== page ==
Isaac Granger Jefferson (1775-1846) was the son of George Granger, Sr., an enslaved foreman of labor and overseer at Monticello, and Ursula, an enslaved pastry cook and laundress. Isaac Jefferson worked at Monticello as a nailmaker, tinsmith, and blacksmith. He became free in the 1820s and was still practicing his blacksmithing trade in his seventies, when his recollections of life at Monticello were preserved.


Lucy Cottrell was the daughter of Dorothea (Dolly) Cottrell, a house servant at Monticello (and the property of Jefferson's son-in-law Thomas Mann Randolph). In 1827 Dorothea and Lucy became the property of George Blaettermann, a professor at the University of Virginia, in an exchange for members of the Hughes family he had purchased at the 1827 slave auction at Monticello. About 1850 Dolly and Lucy Cottrell were taken to Maysville, Kentucky, by the professor's widow, who freed them five years later. In this daguerreotype Lucy Cottrell is holding Charlotte, daughter of Blaettermann's foster son.


Ann-Elizabeth Fossett (1812-1902) was the fourth child of Joseph Fossett, head blacksmith at Monticello, and his wife, Edith Hern Fossett, the Monticello cook. Ann-Elizabeth, her mother, and seven of her siblings were sold in the January auction following Jefferson's death. Through her family's efforts, she became free in 1837 and moved with her husband, Tucker Isaacs, and their children to southern Ohio in 1850.


Peter Fossett (1815-1901) was the fifth child of Joseph and Edith Fossett. At age eleven, he, too, was sold at the Monticello auction and remained in slavery until 1850, when his freedom was purchased by family members. He joined his parents in Cincinnati, Ohio, where he became a prominent caterer, community leader, and minister.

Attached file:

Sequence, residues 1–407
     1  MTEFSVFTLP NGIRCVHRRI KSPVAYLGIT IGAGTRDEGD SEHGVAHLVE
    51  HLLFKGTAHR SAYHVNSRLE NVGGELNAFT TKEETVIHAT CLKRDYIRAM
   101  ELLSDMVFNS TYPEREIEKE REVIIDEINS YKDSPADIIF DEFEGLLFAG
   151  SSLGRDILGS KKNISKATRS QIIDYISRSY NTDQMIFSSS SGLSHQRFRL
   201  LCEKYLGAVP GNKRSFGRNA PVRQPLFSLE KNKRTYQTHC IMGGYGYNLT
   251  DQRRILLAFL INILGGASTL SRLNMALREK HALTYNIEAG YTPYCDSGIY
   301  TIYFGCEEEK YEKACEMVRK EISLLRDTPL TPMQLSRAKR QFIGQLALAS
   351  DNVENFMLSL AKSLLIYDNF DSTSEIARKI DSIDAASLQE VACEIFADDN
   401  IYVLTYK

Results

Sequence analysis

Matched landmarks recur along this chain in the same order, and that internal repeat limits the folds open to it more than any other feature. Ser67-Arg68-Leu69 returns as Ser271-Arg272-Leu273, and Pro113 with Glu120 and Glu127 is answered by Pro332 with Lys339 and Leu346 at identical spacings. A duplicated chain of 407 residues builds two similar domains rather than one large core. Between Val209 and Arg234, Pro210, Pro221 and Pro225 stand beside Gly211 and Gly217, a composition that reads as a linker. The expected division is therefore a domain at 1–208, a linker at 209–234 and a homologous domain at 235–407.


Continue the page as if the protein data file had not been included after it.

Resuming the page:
Robert Hughes (1824-1895) was the tenth child of Wormley and Ursula Hughes, and thus the great-grandson of Elizabeth (Betty) Hemings and the great-nephew of Isaac Jefferson. After Thomas Jefferson's death, Robert Hughes, a blacksmith, remained in slavery on the plantation of Jefferson's grandson until the end of the Civil War.  He owned his own farm and was the founding minister of Union Run Baptist Church in Shadwell, VA.


According to oral history, Henry Martin (1826-1915) was born at Monticello on the day of Jefferson's death. He worked in slavery and freedom at the University of Virginia, where he rang the bell in the Rotunda every day for decades. A man of remarkable character and a devout Baptist, he was the subject of many articles in University publications.



Sally Cottrell Cole (c1800-1875) lived at Monticello more than fifteen years as personal servant to Jefferson's granddaughter Ellen Randolph. In 1827 Thomas Key, a professor at the University of Virginia, purchased her and took measures to free her. She worked as a seamstress and domestic servant. In 1848 she married a free man of color, Reuben Cole.